Newspapers and magazines, libraries, immigrant bureaus, and other organizations have their own standard procedures for transliterating "foreign" writing systems. Not just in "ASCII-speaking" lands, but everywhere: Russian names are written in Arabic newspapers, Hebrew names in Greek journals, English names on Chinese passports, Korean publications in Vietnamese library catalogs. But these standards are not widely known. When a standard can be found, use it. If not, look harder.


The Kermit File Transfer Protocol was developed at Columbia University to allow the transfer of both text and binary files among all types of personal computers, minicomputers, and mainframes, in both the 7-bit and 8-bit communication environments. Kermit is a layered, point-to-point, transport-independent, error-correcting packet protocol described in detail elsewhere [5].

Transfer of text files between unlike computers requires conversion of both record format and character set at the presentation layer. For example, a document composed under the UNIX operating system using the ASCII character set with lines separated by embedded Linefeed characters, upon transfer to an IBM mainframe, is converted to EBCDIC encoding and a mainframe-specific variable- or fixed-length record format. Kermit accomplishes this conversion with another Simple Rule: during file transfer, the character set used for text files is ASCII, and the record format is stream, with records (lines) delimited by Carriage Return and Linefeed.

Thus, it is the responsibility of each Kermit program to convert between the text character sets and record formats of its own computer and the standard Kermit format. This means that no Kermit program needs to know the specific codes and formats of any kind of computer except its own, and it forms the basis of Kermit's strategy for converting between different character sets. This idea is known as a "common intermediate representation," and it lies at the heart of any presentation-layer protocol [26].

By the mid 1980s, Kermit had become a de facto standard for file transfer. Kermit software programs had been written for almost every kind of computer in existence. But the Kermit protocol lacked a formal and consistent means for exchanging text that contained non-Roman or accented Roman characters. Files could be transferred, but the results would be gibberish unless the receiving computer supported the same character set as the sender.

At first, this problem was remedied by pre- or postprocessing. But this approach places an unreasonable burden on the user. Not only must extra steps be taken, but a suitable translation utility must be found for every pair of character sets. More subtly, translation utilities (for example, between an IBM code page and a Macintosh character set) are constructed in an ad-hoc manner, with no guarantee of consistency from one utility to another.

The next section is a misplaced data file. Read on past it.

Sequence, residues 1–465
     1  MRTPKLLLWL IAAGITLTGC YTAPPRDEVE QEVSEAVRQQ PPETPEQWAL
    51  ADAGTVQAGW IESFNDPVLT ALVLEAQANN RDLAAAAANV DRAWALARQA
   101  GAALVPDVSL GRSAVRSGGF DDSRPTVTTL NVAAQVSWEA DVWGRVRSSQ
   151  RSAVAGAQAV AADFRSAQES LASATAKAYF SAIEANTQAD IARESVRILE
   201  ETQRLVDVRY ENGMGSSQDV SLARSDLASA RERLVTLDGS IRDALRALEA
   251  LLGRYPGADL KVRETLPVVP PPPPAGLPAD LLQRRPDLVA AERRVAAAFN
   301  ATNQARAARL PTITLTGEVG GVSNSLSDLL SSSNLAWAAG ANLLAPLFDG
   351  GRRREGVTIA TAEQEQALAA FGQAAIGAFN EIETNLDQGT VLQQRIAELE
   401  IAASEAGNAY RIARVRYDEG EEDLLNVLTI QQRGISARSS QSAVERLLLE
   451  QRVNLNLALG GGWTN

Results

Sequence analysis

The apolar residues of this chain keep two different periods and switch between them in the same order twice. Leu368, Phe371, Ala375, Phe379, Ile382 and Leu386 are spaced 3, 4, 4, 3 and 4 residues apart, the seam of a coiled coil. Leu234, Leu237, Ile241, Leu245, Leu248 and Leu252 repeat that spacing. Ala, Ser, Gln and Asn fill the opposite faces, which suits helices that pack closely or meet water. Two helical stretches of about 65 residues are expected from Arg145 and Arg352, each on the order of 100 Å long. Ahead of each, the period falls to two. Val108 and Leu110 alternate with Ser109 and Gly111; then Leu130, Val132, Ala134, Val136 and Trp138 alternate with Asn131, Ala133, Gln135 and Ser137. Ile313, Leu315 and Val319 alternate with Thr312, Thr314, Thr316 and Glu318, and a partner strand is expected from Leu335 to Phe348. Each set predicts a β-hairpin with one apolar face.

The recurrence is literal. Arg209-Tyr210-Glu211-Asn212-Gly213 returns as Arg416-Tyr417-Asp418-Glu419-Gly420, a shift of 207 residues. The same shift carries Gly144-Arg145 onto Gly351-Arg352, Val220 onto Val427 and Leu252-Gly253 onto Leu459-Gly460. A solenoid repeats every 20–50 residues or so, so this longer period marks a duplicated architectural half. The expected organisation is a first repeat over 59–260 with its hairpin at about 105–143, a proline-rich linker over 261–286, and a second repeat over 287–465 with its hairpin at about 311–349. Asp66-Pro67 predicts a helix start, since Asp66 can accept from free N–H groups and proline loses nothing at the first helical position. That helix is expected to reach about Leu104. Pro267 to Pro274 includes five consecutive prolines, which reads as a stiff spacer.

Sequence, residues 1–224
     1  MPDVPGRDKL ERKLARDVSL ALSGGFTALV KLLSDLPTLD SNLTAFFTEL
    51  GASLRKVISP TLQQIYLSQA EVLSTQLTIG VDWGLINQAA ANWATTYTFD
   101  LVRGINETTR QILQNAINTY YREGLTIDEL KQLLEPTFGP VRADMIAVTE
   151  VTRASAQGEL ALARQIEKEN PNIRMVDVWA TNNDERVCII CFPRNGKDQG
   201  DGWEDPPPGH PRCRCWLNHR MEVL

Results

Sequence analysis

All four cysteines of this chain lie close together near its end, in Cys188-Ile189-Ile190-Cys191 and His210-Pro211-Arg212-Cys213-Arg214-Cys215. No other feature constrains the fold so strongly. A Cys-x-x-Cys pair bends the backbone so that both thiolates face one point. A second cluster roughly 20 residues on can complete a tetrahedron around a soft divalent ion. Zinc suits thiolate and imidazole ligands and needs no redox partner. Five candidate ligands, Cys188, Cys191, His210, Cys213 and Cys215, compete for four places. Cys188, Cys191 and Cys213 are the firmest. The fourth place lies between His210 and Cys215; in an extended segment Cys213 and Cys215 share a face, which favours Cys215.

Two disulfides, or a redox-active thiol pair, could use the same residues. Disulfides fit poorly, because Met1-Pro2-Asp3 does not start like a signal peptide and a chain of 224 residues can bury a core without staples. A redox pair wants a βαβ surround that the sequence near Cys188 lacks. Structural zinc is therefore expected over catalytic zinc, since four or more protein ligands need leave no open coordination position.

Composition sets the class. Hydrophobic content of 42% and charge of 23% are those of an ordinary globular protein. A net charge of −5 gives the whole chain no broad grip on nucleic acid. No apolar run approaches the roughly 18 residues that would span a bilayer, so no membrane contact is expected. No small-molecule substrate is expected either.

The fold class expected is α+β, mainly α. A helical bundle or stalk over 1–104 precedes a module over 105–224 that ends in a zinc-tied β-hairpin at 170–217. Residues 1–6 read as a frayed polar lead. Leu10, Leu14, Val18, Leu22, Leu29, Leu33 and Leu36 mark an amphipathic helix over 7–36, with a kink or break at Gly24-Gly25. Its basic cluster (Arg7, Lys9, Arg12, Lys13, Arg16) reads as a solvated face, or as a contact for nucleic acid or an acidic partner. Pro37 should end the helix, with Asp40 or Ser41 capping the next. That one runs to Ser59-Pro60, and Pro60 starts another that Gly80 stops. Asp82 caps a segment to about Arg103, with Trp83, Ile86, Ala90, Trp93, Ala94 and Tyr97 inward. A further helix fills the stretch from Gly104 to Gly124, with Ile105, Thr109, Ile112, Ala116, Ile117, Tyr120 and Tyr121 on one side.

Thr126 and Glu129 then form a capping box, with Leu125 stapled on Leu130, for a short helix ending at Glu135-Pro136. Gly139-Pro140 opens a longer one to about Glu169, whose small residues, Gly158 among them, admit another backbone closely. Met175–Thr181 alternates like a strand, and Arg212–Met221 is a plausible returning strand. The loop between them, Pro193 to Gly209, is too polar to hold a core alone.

The problem is compounded by the rapid proliferation of proprietary, national, and international standard character sets. By the late 1980s, there were many encodings for each major writing system, a problem pointed out by attendees at international conference sessions on Kermit in Europe and Japan [10]. A consistent approach to character-set translation had become an urgent matter.

Basic Design Principles

How can we enable meaningful exchange of text between any two computers? The obvious approach is to require each data-transfer application to understand every character set in existence. This works adequately when the number of sets is small and stable, but quickly becomes unwieldy and unmanageable as the number increases. If the number of character sets is n, the number of translations is:

⎜   ⎟ =  ───────────  =  n  ×  (n - 1) 
⎝ 2 ⎠    2! × (n-2)!

If we have two character sets, A and B, we need two translations, one from A to B and one from B to A. If we have three sets — A, B, and C — we need 3 × 2 = 6 translations: AB, BA, AC, CA, BC, and CB. And so on.

Now consider that in 1990, IBM alone listed 276 different coded character-set identifiers in its registry [13]. If we wanted translations between every pair of IBM character sets, there would be 75,900 of them! Add in all the other sets from all the other companies to appreciate the magnitude of the problem.